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Gentle Giant - Gentle Giant CD (album) cover

GENTLE GIANT

Gentle Giant

 

Eclectic Prog

3.95 | 1257 ratings

From Progarchives.com, the ultimate progressive rock music website

Epignosis
Special Collaborator
Eclectic Prog Team
3 stars It would seem that Gentle Giant was either developing a style or just lacked enough solid material to make a full LP; the record does seem laden with filler, be it mediocre acoustic silliness or drum soloing or avant-garde piano. However, they managed to offer a few exceptionally good songs that, weak production aside, could have fit on an album like In a Glass House. This is not the place for someone new to Gentle Giant to start, but for fans, it's an interesting look at their evolution knowing what they would do moving forward.

'Giant' A regal organ leading into an exhilarating raucous riff and Derek Shulman's unrefined voice begins a decade of musical quirkiness from Gentle Giant. Midway through, the music becomes jazzier, almost Zeuhl, with a rare appearance of a Mellotron and symphonic embellishment. 'Giant' is my favorite from this debut album.

'Funny Ways' The much softer Kerry Minnear makes his first appearance on lead vocals here in this eccentric acoustic song. The halfway mark sees the song becoming a piano and organ-led jaunty jam. Gary Green enters with a penetrating guitar solo.

'Alucard' Dracula backwards, this is a blues-inspired rocker with a huge variety of instruments in tow. In stark contrast to the zaniness, the vocals fade in eerily.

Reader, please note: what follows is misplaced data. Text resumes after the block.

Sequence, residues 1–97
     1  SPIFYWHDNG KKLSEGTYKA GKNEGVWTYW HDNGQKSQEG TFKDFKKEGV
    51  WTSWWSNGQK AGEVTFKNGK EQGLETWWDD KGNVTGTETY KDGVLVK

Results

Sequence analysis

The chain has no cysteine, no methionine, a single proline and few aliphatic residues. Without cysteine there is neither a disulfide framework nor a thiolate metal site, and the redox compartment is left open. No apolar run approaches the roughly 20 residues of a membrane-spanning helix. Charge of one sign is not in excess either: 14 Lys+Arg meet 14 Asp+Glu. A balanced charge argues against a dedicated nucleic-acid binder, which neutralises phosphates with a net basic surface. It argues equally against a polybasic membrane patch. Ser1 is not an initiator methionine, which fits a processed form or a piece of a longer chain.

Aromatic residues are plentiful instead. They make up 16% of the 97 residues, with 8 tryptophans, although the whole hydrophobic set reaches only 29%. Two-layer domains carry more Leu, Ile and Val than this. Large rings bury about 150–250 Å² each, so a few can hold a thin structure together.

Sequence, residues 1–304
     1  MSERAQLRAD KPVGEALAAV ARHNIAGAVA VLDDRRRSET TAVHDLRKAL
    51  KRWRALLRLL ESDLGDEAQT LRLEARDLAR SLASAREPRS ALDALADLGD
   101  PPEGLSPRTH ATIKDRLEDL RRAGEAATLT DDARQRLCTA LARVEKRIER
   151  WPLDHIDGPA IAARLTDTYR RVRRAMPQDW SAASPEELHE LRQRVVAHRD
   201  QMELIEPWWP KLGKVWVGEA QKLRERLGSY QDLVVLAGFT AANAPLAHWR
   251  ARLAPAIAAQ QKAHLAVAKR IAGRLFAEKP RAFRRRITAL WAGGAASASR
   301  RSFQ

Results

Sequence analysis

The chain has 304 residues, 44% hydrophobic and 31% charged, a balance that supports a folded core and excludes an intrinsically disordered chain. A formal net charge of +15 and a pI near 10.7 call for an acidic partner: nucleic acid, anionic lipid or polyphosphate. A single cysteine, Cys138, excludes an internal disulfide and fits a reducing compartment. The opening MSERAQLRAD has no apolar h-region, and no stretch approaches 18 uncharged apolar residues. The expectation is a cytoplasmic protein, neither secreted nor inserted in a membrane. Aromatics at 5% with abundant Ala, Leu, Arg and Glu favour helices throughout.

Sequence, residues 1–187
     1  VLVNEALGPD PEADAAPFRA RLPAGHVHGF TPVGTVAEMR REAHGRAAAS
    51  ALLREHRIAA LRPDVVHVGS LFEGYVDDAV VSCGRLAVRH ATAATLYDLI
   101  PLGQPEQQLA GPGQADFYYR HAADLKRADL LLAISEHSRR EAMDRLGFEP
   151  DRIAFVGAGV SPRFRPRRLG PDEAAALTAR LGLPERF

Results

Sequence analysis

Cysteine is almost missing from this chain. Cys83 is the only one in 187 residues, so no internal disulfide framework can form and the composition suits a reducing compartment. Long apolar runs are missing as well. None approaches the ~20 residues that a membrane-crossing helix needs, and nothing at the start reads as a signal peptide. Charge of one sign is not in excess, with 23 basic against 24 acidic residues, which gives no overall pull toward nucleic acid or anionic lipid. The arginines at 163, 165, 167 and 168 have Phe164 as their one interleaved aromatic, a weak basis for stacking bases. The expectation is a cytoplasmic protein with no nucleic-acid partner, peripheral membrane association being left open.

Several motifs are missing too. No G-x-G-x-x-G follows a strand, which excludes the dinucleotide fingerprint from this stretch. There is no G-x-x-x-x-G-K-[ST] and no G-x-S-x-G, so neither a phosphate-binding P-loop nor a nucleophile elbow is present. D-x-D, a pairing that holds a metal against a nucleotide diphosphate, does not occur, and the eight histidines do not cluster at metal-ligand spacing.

'Isn't it Quiet and Cold?' Here is a carefree acoustic number with cheery fiddle and giddy tuned percussion.

'Nothing at All' Twelve-string guitar and hushed vocals opens the longest piece like a creeping dawn. The second section features a groovy blues riff, while the consists of a drum solo from Martin Smith. After this ill-fitting interlude, the beautiful music from the beginning returns.

'Why Not' 'Why Not' juxtaposes Gentle Giant's hard blues rock with the soft pastoral music they would fuse more credibly in the future. It concludes with a standard blues jam.

'The Queen' The final track is a disappointment- a rather boring rock rendition of 'God Save the Queen' ('America the Beautiful' in the US).

Epignosis | 3/5 |

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